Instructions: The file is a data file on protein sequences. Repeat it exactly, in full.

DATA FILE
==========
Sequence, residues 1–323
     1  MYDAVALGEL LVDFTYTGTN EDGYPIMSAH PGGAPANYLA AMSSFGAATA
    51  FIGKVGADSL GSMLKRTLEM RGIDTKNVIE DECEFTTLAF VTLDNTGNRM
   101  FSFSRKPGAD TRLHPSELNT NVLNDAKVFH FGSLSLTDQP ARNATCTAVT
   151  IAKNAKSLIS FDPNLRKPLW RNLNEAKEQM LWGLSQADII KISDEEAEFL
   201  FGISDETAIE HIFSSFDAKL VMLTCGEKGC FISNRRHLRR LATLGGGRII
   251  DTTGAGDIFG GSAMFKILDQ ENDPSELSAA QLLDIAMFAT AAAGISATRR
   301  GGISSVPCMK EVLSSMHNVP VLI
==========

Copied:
Sequence, residues 1–323
     1  MYDAVALGEL LVDFTYTGTN EDGYPIMSAH PGGAPANYLA AMSSFGAATA
    51  FIGKVGADSL GSMLKRTLEM RGIDTKNVIE DECEFTTLAF VTLDNTGNRM
   101  FSFSRKPGAD TRLHPSELNT NVLNDAKVFH FGSLSLTDQP ARNATCTAVT
   151  IAKNAKSLIS FDPNLRKPLW RNLNEAKEQM LWGLSQADII KISDEEAEFL
   201  FGISDETAIE HIFSSFDAKL VMLTCGEKGC FISNRRHLRR LATLGGGRII
   251  DTTGAGDIFG GSAMFKILDQ ENDPSELSAA QLLDIAMFAT AAAGISATRR
   301  GGISSVPCMK EVLSSMHNVP VLI